>Also, you might try assembling the system on a piece of
>cardboard, and add one component at a time, while listening
>to the Voice POST. The Voice POST will run, even when there are
>no components plugged into the motherboard. A minimal system
>is motherboard, PSU, and power switch. Perhaps something is
>shorting to the bottom of the motherboard. Listening to the
>Voice POST messages changing as you add components one at a time
>might tell you something. When the keyboard is unplugged you
>might have to wait 30 seconds or longer to hear the message that
>there is no keyboard, so be patient when waiting for a message.
>Add CPU, ram, video card, keyboard/mouse and see if you can
>get into the BIOS. Only connect drives if you get past that
>point. Do a "Load Setup Defaults" in the BIOS menu if you get
>there.
>
>HTH,
> Paul
>
>>
>> nospam@needed.com (Paul) wrote:
>>
>> >In article <4ndvk0hu9blmn61mo1hvs67nrcme1med56@4ax.com>, Steve Conover
>> ><scsr@ZZZcomcast.net> wrote:
>> >
>> >> Tried it; same message, same blank screen. Might it have
>> >> something to do with my ATI Radeon 9600 XT card?
>> >
>> >If it did, the POST would say "System failed VGA test".
>> >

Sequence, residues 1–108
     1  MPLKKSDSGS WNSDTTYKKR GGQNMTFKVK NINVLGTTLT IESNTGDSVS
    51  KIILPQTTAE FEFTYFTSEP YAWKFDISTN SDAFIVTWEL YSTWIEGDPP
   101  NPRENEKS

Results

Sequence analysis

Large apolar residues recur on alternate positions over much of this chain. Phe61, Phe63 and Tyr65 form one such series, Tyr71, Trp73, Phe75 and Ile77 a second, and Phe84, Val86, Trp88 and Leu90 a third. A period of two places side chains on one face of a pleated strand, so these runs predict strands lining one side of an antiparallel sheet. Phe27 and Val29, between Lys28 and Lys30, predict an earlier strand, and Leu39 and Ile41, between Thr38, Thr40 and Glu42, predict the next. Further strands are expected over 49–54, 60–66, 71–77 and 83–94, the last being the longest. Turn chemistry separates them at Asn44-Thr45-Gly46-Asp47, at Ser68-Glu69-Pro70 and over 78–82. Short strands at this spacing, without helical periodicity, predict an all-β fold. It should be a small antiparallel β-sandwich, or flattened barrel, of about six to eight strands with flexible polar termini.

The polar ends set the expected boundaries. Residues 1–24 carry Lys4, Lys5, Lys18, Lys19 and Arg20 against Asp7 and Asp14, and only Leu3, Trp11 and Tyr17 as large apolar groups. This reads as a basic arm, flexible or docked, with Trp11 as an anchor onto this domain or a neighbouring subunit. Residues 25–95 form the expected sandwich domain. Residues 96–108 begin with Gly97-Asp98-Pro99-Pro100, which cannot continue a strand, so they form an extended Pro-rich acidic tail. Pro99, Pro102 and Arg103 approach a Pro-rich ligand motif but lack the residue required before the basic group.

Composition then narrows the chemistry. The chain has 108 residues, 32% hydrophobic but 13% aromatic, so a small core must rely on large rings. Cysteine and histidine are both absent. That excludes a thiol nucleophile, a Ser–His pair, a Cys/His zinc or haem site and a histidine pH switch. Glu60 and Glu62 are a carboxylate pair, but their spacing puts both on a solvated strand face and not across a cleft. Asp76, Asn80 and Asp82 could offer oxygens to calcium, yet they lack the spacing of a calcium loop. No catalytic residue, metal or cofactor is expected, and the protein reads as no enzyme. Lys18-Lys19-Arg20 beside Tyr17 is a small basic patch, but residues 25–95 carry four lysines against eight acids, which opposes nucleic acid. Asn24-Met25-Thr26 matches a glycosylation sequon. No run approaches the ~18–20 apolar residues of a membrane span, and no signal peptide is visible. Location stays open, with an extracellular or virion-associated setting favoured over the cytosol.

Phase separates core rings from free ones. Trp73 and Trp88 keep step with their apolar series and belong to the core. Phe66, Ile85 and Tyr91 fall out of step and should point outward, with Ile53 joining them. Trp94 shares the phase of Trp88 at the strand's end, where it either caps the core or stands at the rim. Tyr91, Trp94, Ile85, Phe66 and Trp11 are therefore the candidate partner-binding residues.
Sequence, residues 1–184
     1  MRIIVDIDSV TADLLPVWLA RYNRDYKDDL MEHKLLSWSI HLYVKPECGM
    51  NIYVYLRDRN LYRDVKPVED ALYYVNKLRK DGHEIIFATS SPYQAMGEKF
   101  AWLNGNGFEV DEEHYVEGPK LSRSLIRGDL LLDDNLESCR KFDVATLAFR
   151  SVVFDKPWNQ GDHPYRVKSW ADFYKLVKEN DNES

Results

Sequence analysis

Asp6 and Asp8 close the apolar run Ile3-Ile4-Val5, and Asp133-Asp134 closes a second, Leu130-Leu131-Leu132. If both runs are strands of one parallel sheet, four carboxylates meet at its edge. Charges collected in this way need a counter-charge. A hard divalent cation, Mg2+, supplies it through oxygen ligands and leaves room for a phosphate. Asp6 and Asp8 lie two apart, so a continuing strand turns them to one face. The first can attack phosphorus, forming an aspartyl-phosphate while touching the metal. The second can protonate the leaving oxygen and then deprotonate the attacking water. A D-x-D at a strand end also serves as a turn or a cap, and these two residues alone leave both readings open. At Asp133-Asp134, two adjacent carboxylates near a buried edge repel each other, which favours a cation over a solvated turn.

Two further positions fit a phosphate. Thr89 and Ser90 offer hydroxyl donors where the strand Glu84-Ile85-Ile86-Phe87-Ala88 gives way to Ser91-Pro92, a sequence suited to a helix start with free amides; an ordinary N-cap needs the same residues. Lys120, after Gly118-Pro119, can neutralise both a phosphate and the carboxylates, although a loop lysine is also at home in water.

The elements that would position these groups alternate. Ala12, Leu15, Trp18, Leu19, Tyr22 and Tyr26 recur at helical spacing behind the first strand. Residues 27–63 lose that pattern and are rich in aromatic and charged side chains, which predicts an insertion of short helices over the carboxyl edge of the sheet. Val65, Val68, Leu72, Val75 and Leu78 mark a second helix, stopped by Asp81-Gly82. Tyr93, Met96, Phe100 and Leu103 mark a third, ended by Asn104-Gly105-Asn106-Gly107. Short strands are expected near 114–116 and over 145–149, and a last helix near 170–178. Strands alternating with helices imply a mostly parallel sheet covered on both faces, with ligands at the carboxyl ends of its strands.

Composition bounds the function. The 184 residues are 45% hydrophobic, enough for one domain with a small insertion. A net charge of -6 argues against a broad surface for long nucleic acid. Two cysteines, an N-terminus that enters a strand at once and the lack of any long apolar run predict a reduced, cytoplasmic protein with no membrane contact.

>> >Have you plugged in the 2x2 ATX 12V power connector ?
>> >Are the fans spinning etc ?
>> >
>> > Paul
>> >
>> >>
>> >>
>> >> "sheer" <sheer@sheere.com> wrote:
>> >>
>> >> >Try resetting CMOS
>> >> >
>> >> >"Steve Conover" <scsr@ZZZcomcast.net> wrote in message
>> >> >news:vn4vk0p2pbh1q7gbm5lpe1ddg4kn9g6fiq@4ax.com...
>> >> >> Help please.
>> >> >>
>> >> >> I just assembled a system using the P4C800-E Deluxe with 1GB DDR
>> >> >> RAM and a Pentium 4 (2.8GHz, 800MHz FSB, 1MB L2 cache). Shortly
>> >> >> after the power comes on, the Vocal POST Message says, "System
>> >> >> failed due to CPU overclocking."
>> >> >>
>> >> >> The ASUS manual recommends the following action (p.3-2):
>> >> >> "Check your CPU settings in BIOS and make sure you only set to
>> >> >> the recommended settings."
>> >> >>
>> >> >> Sounds good, but I can't get to the BIOS before it fails.
>> >> >>
>> >> >> Any suggestions?
>> >> >>
>> >> >> Thanks,
>> >> >> Steve

Delete the ZZZ.
It keeps spam
off the server.
Anonymous
a b V Motherboard
September 21, 2004 11:11:46 PM